One Norbiton is a scheme for urban
renewal in the socially challenged locality of Norbiton. It is being led by local volunteers, with the support of the Royal
Borough of Kingston and other Public Agencies. It has been up and running since 2011 following an initiative from the
Department of Communities and Local Government and the Cabinet's Big Society policy. It is aiming to improve quality of life
by increasing community support as well as co-designing and co-producing of local services.
One of One Norbiton's key targets is to reduce urban stress and because addiction is both a reaction to and a cause of, much
of this stress, its effective management is a very appropriate problem for a Localism project, like One Norbiton, to
tackle and this has been highlighted by local needs surveys. Unfortunately delivering modern treatment to sufferers
on an individual basis has been very discouraging - not least because of lack of motivation among sufferers. The consequence
is that hard drug misuse causes us all, as taxpayers, a lot of money and high social costs due to crime and imprisonment.
More common addictions to such things as food, tobacco and alcohol result in even higher healthcare costs due to diabetes,
heart liver and lung disease etc.
i-bet-me is a whole community approach to this difficult problem. Thanks to a grant from the Community Development
Foundation we are licensing this scheme to One Norbiton for a peppercorn amount. Every household in Norbiton is going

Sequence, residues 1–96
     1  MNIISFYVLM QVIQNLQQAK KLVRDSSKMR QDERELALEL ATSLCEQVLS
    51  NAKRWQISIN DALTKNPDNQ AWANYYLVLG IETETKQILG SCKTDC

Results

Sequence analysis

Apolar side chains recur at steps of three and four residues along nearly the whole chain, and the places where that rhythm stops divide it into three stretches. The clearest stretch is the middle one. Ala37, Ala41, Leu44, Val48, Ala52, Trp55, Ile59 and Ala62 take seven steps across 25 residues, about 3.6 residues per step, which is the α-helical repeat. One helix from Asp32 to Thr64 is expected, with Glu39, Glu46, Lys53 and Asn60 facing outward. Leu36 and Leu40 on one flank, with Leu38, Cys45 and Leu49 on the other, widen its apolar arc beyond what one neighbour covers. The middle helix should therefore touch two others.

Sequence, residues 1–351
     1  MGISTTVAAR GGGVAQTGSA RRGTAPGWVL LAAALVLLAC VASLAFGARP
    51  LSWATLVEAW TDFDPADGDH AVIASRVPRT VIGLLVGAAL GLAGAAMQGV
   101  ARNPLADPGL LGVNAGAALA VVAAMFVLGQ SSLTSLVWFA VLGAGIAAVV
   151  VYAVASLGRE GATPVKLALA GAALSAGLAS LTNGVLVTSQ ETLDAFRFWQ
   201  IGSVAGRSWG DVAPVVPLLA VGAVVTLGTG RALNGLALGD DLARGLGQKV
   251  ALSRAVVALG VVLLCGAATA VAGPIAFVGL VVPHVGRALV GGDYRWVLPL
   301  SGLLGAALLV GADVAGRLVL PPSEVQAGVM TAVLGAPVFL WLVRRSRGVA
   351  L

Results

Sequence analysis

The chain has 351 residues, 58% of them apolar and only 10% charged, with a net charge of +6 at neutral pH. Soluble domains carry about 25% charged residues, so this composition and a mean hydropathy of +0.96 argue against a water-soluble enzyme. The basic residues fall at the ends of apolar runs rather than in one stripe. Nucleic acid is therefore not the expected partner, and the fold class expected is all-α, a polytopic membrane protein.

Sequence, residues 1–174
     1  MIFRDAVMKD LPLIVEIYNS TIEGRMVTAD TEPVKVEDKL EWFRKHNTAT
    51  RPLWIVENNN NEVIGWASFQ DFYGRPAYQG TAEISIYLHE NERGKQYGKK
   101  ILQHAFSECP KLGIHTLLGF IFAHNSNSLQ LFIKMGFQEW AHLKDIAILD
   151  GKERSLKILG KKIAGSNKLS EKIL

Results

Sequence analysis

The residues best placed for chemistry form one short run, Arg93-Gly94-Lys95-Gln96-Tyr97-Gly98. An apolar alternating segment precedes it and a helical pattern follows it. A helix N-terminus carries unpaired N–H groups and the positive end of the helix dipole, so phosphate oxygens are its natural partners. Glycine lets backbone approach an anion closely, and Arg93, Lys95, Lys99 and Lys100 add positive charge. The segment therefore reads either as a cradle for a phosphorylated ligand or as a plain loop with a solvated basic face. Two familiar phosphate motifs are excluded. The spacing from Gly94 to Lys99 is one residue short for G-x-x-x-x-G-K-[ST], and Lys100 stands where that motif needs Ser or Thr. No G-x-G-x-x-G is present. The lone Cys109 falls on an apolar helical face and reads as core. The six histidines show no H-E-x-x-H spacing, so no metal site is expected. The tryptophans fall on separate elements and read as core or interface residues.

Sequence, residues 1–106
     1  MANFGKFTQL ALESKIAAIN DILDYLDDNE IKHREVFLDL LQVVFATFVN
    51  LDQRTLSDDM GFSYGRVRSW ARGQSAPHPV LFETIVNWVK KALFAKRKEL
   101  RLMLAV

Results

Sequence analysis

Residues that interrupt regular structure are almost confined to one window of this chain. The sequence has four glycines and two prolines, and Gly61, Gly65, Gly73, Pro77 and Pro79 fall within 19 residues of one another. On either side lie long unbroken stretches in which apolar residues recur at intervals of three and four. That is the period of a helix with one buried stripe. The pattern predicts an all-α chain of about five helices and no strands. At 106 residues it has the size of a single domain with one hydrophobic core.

to be leafleted and offered the opportunity to earn CareCreds using our new App. Participants will be encouraged to get help in doing this this by using
our existing health promotion organisations. The individuals and postal code areas with the highest improvement will
be awarded Gold, Silver or Bronze medals.
We hope there will eventually be 100 neighbourhoods formed in Norbiton who will twin with each other to form Sectors that
bridge the social and private housing divide. These Twinned neighbourhoods may compete in earning Sector CareCreds via Sporting
and cultural activities, home skills and environmental improvement. This will give people the opportunity to earn rewards
from improving their own health and assisting their neighbours to do the same. Because those with the largest number of problems
will have an even greater potential for improvement, competitive twinned neighbourhoods may see it as in their interest to
recruit and to help as many of their overburdened fellow citizens as possible.
Our hope is that social collaboration and "pressure to imitate" will work where other things have failed. For example,
everyone, even the unemployed, will have a new way of "health trading" whereby increasing their health will increase
their social prestige when CareCreds scores are published as well as increasing their purchasing power from the ensuing rewards.
Simply by their taking better care of their personal and social health, their whole neighbourhood will benefit. This will
alter their self-belief along the lines suggested by many current new ideas on how to handle Stress. Hopefully Norbiton's sense of community collaboration
will also increase.